Every week we get Down & Dirty, in which we break down our favorite unique seasonal fruits, vegetables, and more.
Today:Beneath their prickly exterior lies a technicolored treat.
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Another addition to the collection of Who first figured out this was edible? produce, cactus pears are the fruit of -- wait for it -- a cactus. Shocker, right? Specifically the nopal cactus, and yes, that’s where nopales come from too. The fruit (also called prickly pears or tunas) can come in a wide range of colors, although you’re probably most likely to come across fruits with a reddish-purple or reddish-brown exterior (2, below) and vibrant magenta flesh (1, below) that's sweet and reminiscent of watermelon.
Unless you're out picking these yourself, the fruits' large spines will have been removed -- but they still need to be handled with care, due to the presence of small hairs called glocides. They're almost invisible, but should you choose to handle the fruits carelessly, they will make themselves known. (This is not the kind of poke that makes you giggle. Trust us.) We found it easiest to simply cradle the fruits in a tea towel (4, below), slice them in half, and then scoop out the flesh with a spoon (3, below).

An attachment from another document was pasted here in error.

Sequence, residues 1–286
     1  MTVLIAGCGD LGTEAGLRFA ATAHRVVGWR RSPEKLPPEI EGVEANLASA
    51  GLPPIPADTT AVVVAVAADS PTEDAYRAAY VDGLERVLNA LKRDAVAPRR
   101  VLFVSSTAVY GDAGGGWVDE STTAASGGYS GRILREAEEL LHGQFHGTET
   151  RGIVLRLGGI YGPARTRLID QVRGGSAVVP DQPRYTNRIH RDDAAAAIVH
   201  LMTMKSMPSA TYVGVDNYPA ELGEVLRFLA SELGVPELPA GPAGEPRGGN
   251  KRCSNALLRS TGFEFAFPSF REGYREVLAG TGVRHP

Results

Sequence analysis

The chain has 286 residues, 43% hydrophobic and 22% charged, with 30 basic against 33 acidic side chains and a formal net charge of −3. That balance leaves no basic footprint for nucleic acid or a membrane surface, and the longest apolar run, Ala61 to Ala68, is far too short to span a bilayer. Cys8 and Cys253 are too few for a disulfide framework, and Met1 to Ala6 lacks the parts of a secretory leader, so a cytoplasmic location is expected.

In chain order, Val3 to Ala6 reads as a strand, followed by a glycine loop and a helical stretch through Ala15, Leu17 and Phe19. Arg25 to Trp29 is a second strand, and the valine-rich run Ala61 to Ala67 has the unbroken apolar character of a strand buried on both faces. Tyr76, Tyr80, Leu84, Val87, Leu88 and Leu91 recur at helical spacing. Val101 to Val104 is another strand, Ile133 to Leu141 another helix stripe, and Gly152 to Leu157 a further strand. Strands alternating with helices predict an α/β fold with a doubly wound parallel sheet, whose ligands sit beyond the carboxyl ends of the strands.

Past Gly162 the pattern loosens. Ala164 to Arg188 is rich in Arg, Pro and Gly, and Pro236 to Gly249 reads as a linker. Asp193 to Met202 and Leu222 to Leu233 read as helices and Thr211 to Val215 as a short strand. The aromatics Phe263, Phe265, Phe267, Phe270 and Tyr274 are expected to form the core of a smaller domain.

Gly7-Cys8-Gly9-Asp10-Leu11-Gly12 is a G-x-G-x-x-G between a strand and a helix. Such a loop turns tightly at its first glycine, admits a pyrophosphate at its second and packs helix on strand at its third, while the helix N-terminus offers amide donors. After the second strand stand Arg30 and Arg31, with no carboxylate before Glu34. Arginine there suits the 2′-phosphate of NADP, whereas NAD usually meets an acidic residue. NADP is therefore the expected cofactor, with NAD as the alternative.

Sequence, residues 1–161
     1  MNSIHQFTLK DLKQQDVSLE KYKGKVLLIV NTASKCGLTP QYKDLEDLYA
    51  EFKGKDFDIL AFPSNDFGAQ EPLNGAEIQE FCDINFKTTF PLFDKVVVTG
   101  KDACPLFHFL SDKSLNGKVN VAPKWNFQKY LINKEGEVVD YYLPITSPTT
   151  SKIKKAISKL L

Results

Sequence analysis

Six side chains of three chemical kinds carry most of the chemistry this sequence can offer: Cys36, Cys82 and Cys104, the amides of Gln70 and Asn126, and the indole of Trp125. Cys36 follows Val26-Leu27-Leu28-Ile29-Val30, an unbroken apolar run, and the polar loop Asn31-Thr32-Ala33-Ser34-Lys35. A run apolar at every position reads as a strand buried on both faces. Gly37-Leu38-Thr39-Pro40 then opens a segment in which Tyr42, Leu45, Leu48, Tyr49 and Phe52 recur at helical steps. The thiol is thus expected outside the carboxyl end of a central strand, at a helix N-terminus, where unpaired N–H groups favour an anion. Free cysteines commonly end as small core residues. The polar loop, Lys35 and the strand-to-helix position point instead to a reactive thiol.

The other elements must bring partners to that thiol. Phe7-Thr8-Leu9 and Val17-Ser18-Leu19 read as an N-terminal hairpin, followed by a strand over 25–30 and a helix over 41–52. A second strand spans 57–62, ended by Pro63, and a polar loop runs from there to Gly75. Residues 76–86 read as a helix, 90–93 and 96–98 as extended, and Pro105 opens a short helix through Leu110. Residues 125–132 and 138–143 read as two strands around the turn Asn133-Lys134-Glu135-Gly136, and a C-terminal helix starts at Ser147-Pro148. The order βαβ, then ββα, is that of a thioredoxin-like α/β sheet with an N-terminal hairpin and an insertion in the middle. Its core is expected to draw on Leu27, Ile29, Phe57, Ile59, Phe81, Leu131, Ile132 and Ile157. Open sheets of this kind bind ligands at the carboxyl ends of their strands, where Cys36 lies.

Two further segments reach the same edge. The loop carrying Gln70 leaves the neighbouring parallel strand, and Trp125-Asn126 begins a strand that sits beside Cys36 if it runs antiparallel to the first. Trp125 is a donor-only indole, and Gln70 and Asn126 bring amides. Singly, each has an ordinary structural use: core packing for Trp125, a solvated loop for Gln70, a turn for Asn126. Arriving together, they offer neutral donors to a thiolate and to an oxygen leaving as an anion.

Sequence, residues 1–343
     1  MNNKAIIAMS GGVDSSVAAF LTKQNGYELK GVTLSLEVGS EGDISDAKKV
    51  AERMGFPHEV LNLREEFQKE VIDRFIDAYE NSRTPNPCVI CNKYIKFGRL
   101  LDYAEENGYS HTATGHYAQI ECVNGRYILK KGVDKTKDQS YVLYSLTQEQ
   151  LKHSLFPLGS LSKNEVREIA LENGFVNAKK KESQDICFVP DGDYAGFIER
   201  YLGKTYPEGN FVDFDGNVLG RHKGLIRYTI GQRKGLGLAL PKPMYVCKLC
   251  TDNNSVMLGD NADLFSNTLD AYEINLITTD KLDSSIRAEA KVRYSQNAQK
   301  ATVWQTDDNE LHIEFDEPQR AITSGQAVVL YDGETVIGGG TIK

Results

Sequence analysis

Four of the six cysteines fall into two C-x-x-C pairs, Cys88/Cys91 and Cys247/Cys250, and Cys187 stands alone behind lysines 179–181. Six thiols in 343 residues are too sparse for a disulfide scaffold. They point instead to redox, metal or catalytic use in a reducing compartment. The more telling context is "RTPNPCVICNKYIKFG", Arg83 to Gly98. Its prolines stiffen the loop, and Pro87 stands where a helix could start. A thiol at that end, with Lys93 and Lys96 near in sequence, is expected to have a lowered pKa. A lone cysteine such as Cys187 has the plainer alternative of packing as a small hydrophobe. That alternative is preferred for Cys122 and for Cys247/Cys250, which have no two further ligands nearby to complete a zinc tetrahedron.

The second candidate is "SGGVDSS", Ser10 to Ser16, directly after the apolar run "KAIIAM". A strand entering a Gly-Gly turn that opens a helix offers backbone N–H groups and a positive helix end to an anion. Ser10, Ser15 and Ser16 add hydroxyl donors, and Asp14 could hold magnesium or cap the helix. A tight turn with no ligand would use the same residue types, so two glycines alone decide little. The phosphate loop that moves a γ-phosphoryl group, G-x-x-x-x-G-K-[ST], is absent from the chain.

Alternatively, skin them by slicing off the top and bottom of the fruit, make a shallow cut down the length of the fruit, and then peel away the skin. If you don’t want to risk staining your favorite tea towel, your other options are to wear gloves, torch the fruits briefly to burn off the glocides, or soak the fruits in water and then brush away the spines with a (new) toothbrush or kitchen brush.
Depending on the variety, the fruits ripen from early spring into late fall; select firm fruits that are uniformly colored and free from bruises or moldy patches. If they are more rock-hard than firm, let them ripen on the counter for a day or two. Once ripe, they'll keep well in the refrigerator for about a week or so.
The flesh is studded with small edible seeds -- whether or not you’ll actually want to eat them is another matter: Hank Shaw says “it’s like eating a wood chip.” We say a mouthful of pebbles -- tomato, tomahto -- either way, our preference is to extract the juice. Blend the flesh in a food processor or blender, and then strain it like so.
The juice can be used as is -- mix it into lemonade; make jelly, sorbet, or ice cream; use it to flavor frosting -- or reduce the it into a syrup to use in cocktails, as a glaze for meat, or in a vinaigrette. If you don't mind the seeds, add chunks of the flesh to a fruit salad, or use firm green cactus pears in a pico de gallo, as author/illustrator Marcella Kriebel does in Comida Latina. And if you stumble across prickly pear extract, it can be used to prevent a hangover: The catch is remembering to take it prior to a wild night out (or just stick with our DIY hangover cures).
What are your favorite ways to use cactus pears? Are we crazy? Do you enjoy the crunchy seeds? Tell us in the comments!